Yesterday, someone asked me, “If you had the ability to go back in time and relive any day of your life, what day would you choose?” At first, I really did not know what to say, but the thought stayed with me for the remainder of the day. I thought about the ups and downs of my life, the good days and bad, the struggles, triumphs, and the regrets. I thought about the wrongs I could make right and the times that I wish that I had made a better decision, but none of those thoughts seemed to answer the question adequately. The answer finally came to me this morning as I sat down in front of my computer. It did not come from the blinking cursor on my laptop screen; instead it came from just beyond its’ glow.
Hanging on the wall opposite from my desk is a picture of my grandfather, dressed in his Army uniform. He could not have been more than thirty years old in that picture. He was strong, handsome, and possessed a kind and captivating smile. Grandpa served in World War II and was awarded the Bronze Star for his heroic actions following the Battle of Normandy in 1944. He never told me that because he did not like to talk about the war or himself for that matter. I only found out about it after he passed away at the age of ninety-five. Grandpa did not like to talk about his personal achievements, of which he had many, because he prided himself on being a humble, gracious, and unpretentious person. He was always more interested in learning about others than talking about himself or boasting of his achievements.
His humility was due in part to his personality, but I always believed that it had more to do with an intentional pursuit to display the proper spiritual example for his children and grandchildren. My grandfather was the most spiritual person I have ever known and I cannot remember a single day of his life that he did not spend time with God. Most of his advice, no matter the subject, was backed up by the words found in scripture. He was a mighty spiritual mentor not only to me, but also to everyone around him. I did not realize how blessed I was to have grown up with a grandpa like him, until he was no longer here. He taught me about God, life, and friendship. I spent thousands of days with him talking, laughing, fishing, gardening, and playing the guitar. No matter how busy he might have been, grandpa always took the time to sit down and talk with me.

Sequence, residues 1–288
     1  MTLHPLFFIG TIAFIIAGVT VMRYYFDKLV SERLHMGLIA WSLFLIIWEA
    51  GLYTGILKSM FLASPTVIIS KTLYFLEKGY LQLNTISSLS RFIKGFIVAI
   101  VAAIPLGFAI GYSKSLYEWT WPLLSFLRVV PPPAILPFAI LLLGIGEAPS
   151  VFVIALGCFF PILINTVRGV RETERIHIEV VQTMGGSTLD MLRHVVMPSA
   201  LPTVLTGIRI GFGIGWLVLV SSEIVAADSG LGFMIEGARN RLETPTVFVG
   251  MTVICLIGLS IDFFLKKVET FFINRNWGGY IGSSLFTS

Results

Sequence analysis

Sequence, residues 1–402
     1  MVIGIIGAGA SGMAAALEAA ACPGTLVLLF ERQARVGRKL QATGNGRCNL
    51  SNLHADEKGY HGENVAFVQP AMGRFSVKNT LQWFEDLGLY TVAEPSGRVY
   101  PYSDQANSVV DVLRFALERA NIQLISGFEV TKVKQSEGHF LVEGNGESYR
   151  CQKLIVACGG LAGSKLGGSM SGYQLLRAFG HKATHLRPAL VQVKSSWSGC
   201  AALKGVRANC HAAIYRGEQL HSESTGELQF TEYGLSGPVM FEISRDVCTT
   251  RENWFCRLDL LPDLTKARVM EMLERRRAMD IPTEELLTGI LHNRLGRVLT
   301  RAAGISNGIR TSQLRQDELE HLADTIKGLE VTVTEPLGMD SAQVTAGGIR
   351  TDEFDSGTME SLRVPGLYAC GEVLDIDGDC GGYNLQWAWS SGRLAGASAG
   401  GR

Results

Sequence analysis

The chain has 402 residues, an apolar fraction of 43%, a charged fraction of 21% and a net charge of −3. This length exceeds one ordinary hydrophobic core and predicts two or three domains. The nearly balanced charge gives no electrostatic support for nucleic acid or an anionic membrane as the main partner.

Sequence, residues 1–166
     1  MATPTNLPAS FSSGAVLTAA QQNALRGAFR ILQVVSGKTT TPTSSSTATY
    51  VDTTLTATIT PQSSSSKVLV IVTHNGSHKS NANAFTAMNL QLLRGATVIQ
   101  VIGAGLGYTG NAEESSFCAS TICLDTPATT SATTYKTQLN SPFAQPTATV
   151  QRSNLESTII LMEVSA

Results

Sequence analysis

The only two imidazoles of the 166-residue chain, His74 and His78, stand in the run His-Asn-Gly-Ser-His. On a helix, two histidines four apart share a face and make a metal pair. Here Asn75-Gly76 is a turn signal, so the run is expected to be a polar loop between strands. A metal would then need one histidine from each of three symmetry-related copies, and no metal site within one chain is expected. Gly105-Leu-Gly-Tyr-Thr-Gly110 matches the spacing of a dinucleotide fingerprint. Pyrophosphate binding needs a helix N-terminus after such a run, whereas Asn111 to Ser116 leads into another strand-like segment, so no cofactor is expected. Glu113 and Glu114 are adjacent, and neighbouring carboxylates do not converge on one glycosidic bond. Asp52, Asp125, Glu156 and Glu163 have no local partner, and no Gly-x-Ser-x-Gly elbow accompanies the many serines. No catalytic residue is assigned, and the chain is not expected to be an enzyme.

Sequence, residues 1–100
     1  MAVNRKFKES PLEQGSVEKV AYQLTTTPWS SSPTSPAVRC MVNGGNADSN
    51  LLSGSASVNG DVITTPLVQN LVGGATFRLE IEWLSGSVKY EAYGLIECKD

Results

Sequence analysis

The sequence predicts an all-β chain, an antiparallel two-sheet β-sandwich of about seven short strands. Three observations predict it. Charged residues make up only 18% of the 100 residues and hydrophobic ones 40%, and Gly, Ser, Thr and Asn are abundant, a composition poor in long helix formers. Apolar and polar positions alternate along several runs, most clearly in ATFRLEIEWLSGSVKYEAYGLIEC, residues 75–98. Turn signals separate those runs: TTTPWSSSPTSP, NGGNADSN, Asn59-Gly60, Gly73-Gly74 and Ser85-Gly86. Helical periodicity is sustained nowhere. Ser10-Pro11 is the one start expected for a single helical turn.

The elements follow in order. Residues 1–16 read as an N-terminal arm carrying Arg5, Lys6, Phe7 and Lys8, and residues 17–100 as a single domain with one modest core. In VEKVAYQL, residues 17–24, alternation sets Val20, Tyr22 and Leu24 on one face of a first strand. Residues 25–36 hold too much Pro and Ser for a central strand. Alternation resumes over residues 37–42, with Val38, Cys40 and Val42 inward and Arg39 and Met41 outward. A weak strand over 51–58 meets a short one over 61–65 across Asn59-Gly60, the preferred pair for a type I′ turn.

As I grew up and moved away, I never lost touch with him. Even well into my adulthood, I would call him weekly just to hear his voice or to ask him for advice. I will never forget the night that I received the phone call from my mom telling me that grandpa had been rushed to the hospital and that he did not have much time. I boarded a plane the next morning not only to see him once last time, but to tell him exactly what he meant to me and of the impact that he had on my life. I made it to the hospital that day and God let him stay with us just long enough for me to express my gratitude for the example that he had set for me and the love that he so freely gave. It has been five years since he passed away. There is not a single day that goes by that I do not think of him and thank God for that man.
So if I had the ability to go back and live one day of my past over again, what day would it be? I could choose any one of those days under the shade of that big pear tree, or walking side-by-side down those long rows of corn. Maybe it would be the day he taught me how to play the guitar or one where we sat and talked on that rickety front porch swing. We could take that old dirt road into town one more time to buy those candies that he loved or maybe some paint for that old shed in the backyard. The time or place really would not matter to me, as long as it was one more day with grandpa.